Fight the Treatment Industrial Complex

Fight the Treatment Industrial Complex by supporting the AFSC- Arizona campaign

Fight the Treatment Industrial Complex by supporting the AFSC- Arizona campaign
AFSC-Arizona staff are amazing advocates for prisoners - and as such, are true blessings to our communities. Spend time on their site - lots of resources.

Retiring Arizona Prison Watch...


This site was originally started in July 2009 as an independent endeavor to monitor conditions in Arizona's criminal justice system, as well as offer some critical analysis of the prison industrial complex from a prison abolitionist/anarchist's perspective. It was begun in the aftermath of the death of Marcia Powell, a 48 year old AZ state prisoner who was left in an outdoor cage in the desert sun for over four hours while on a 10-minute suicide watch. That was at ASPC-Perryville, in Goodyear, AZ, in May 2009.

Marcia, a seriously mentally ill woman with a meth habit sentenced to the minimum mandatory 27 months in prison for prostitution was already deemed by society as disposable. She was therefore easily ignored by numerous prison officers as she pleaded for water and relief from the sun for four hours. She was ultimately found collapsed in her own feces, with second degree burns on her body, her organs failing, and her body exceeding the 108 degrees the thermometer would record. 16 officers and staff were disciplined for her death, but no one was ever prosecuted for her homicide. Her story is here.

Marcia's death and this blog compelled me to work for the next 5 1/2 years to document and challenge the prison industrial complex in AZ, most specifically as manifested in the Arizona Department of Corrections. I corresponded with over 1,000 prisoners in that time, as well as many of their loved ones, offering all what resources I could find for fighting the AZ DOC themselves - most regarding their health or matters of personal safety.

I also began to work with the survivors of prison violence, as I often heard from the loved ones of the dead, and learned their stories. During that time I memorialized the Ghosts of Jan Brewer - state prisoners under her regime who were lost to neglect, suicide or violence - across the city's sidewalks in large chalk murals. Some of that art is here.

In November 2014 I left Phoenix abruptly to care for my family. By early 2015 I was no longer keeping up this blog site, save occasional posts about a young prisoner in solitary confinement in Arpaio's jail, Jessie B.

I'm deeply grateful to the prisoners who educated, confided in, and encouraged me throughout the years I did this work. My life has been made all the more rich and meaningful by their engagement.

I've linked to some posts about advocating for state prisoner health and safety to the right, as well as other resources for families and friends. If you are in need of additional assistance fighting the prison industrial complex in Arizona - or if you care to offer some aid to the cause - please contact the Phoenix Anarchist Black Cross at PO Box 7241 / Tempe, AZ 85281. collective@phoenixabc.org

until all are free -

MARGARET J PLEWS (June 1, 2015)
arizonaprisonwatch@gmail.com



AZ Prison Watch BLOG POSTS:


Tuesday, January 20, 2015

Corizon HealthScare: Meet me in St. Louis...


The article below was posted from the AP to the St. Louis Post-Dispatch today. This was the comment I left for their readers: 

Corizon has been nothing but disastrous to Arizona state prisoners, ignoring too many to death and leaving their families devastated. We've had a whistleblower speak out and a class action lawsuit here (Parsons v Ryan), exposing how evil they are - as well as numerous protests by prisoners' loved ones and interviews with survivors, but it has been to no avail.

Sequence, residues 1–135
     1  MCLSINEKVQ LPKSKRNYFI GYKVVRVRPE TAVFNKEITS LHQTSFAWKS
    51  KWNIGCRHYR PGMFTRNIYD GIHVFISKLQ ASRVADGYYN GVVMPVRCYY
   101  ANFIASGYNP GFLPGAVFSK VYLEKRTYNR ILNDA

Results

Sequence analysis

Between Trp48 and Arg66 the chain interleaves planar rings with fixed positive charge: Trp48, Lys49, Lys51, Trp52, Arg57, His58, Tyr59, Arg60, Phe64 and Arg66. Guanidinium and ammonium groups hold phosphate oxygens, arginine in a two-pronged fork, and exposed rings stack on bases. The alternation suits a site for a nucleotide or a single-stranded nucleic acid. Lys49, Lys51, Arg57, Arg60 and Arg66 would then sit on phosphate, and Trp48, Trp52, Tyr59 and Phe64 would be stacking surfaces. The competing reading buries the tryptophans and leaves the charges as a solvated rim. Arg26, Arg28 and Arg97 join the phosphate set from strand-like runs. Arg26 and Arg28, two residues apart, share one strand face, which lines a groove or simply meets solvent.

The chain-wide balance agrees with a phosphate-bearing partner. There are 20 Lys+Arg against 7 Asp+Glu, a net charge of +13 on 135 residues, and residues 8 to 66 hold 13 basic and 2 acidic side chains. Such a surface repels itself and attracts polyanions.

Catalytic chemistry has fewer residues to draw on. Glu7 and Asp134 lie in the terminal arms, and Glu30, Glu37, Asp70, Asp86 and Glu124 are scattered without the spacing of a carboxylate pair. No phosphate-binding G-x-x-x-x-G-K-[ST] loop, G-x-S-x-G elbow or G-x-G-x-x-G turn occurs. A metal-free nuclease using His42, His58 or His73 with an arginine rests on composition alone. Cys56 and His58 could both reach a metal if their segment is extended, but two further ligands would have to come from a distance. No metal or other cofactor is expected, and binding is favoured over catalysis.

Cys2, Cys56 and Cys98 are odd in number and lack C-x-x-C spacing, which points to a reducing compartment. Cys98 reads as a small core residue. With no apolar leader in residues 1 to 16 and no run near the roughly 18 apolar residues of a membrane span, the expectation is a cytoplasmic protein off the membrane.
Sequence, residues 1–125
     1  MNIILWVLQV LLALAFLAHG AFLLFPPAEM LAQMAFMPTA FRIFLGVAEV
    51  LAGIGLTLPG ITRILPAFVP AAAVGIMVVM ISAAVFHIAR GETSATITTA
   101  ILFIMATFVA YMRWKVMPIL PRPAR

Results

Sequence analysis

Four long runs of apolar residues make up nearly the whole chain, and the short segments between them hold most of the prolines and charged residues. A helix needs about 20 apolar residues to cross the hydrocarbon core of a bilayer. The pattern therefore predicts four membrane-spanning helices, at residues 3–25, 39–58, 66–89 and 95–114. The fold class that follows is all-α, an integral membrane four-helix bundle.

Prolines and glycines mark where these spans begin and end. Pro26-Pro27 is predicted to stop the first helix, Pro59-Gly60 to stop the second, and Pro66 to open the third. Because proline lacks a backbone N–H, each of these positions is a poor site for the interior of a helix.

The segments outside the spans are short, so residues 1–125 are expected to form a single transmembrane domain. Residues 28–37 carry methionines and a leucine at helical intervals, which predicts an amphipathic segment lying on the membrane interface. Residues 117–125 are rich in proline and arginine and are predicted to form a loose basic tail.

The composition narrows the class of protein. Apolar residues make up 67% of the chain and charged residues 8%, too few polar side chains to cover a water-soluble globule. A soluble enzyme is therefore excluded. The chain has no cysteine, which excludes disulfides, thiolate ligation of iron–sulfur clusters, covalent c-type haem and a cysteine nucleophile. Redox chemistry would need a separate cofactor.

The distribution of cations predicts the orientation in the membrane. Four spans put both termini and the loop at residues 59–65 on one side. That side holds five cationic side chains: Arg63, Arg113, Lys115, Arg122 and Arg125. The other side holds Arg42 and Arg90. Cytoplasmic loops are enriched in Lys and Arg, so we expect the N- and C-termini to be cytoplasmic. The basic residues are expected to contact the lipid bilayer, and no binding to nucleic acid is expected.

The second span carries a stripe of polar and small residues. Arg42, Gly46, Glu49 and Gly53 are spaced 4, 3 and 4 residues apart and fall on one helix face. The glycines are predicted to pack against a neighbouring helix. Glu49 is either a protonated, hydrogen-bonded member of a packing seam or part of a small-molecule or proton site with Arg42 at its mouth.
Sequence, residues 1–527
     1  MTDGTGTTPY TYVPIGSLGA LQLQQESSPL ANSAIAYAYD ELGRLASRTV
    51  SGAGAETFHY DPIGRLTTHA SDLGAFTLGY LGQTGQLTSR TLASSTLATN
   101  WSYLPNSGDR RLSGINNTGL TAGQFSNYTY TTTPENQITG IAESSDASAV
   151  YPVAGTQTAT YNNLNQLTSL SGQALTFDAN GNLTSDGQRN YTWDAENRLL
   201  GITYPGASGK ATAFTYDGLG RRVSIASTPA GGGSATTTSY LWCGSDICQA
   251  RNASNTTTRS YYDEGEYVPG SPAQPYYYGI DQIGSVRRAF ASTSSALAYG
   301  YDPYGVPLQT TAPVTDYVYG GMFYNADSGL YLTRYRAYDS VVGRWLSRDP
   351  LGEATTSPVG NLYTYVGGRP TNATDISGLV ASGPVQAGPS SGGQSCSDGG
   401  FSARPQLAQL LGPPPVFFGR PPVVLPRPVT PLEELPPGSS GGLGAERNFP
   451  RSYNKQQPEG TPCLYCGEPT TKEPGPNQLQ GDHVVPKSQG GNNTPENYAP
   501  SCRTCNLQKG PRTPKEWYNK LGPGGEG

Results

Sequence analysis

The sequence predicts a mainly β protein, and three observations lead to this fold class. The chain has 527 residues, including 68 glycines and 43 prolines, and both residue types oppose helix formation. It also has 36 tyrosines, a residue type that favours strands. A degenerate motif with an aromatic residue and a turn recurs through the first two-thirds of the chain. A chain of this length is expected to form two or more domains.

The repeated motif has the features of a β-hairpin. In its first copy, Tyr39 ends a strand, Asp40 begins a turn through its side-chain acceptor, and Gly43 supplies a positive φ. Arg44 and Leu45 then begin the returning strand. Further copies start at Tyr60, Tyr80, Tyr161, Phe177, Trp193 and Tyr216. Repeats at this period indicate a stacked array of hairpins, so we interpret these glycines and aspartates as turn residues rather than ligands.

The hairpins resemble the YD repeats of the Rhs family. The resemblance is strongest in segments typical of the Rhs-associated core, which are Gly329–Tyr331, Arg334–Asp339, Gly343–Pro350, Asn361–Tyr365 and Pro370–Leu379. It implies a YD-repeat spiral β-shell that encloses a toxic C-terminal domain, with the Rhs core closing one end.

Some think that's due to Good Old Boy Terry Stewart's influence in AZ (he's the former AZ DOC director - Chuck Ryan's mentor - now in bed with the folks at Corizon Healthscare), but I can't explain why other states still have contracts with them. Voters should really scrutinize things closely if their jails or prison systems are going with these folks and renewing contracts year after year, there's probably something dirty going on that keeps them sucking your tax dollars up for their profits at the expense of some of your most vulnerable citizens. Stop the privatization all together, if you can. It doesn't deliver what it promises, and you'll end up paying more after too many die in the end.

Posted as Peggy Plews

God only knows why the new governor, Doug Ducey, has retained Chuck Ryan after the embarassment his administration was to Brewer - must have something on that guy, too. It's like the whole Republican party here just dug their heads in the sand when it comes to the AZ DOC, though, not just the chiefs. Their mascot should be an ostrich, not an elephant. Elephants are, after all, thoughtful, compassionate, and wise...

By the way, if you're fighting these bastards on behalf of a loved one at the AZ DOC, follow the links to these older pieces, but be sure to be current on the relevant AZDOC policies (Department Orders) and send them the right copies - the docs and links in these old posts have probably expired.

 Corizon's Cruel and Unusual Greed: Follow the Money with Prison Legal News

Corizon and the AZ DOC: Prisoners & Families, Know Your Rights.

 

Corizon's deliberate indifference: fighting back.

 

artwork is mine....


------------from the St Louis POST-DISPATCH--------
St Louis Post-Dispatch
Janaury 20, 2014 


Months after he landed in Florida’s Manatee County Jail, Jovon Frazier’s pleas for treatment of intense pain in his left shoulder were met mostly with Tylenol.

“I need to see a doctor!” he wrote on his eighth request form. “I done put a lot of sick calls in & ya’ll keep sending me back and ain’t tell me nothing.”

Four months later, after Frazier’s 13th request resulted in hospitalization and doctors diagnosed bone cancer, his arm was amputated, according to a lawsuit by his family.

But the cancer spread. Frazier died in 2011 at age 21, months after his release.

As an inmate, his medical care had been managed not by the county sheriff’s office that runs the jail, but by a private company under contract.

That company, Corizon Health Inc., is under growing pressure after the loss of five state prison contracts, downgrades by analysts and increasing scrutiny of its care of inmates held by some of its largest customers, including New York City.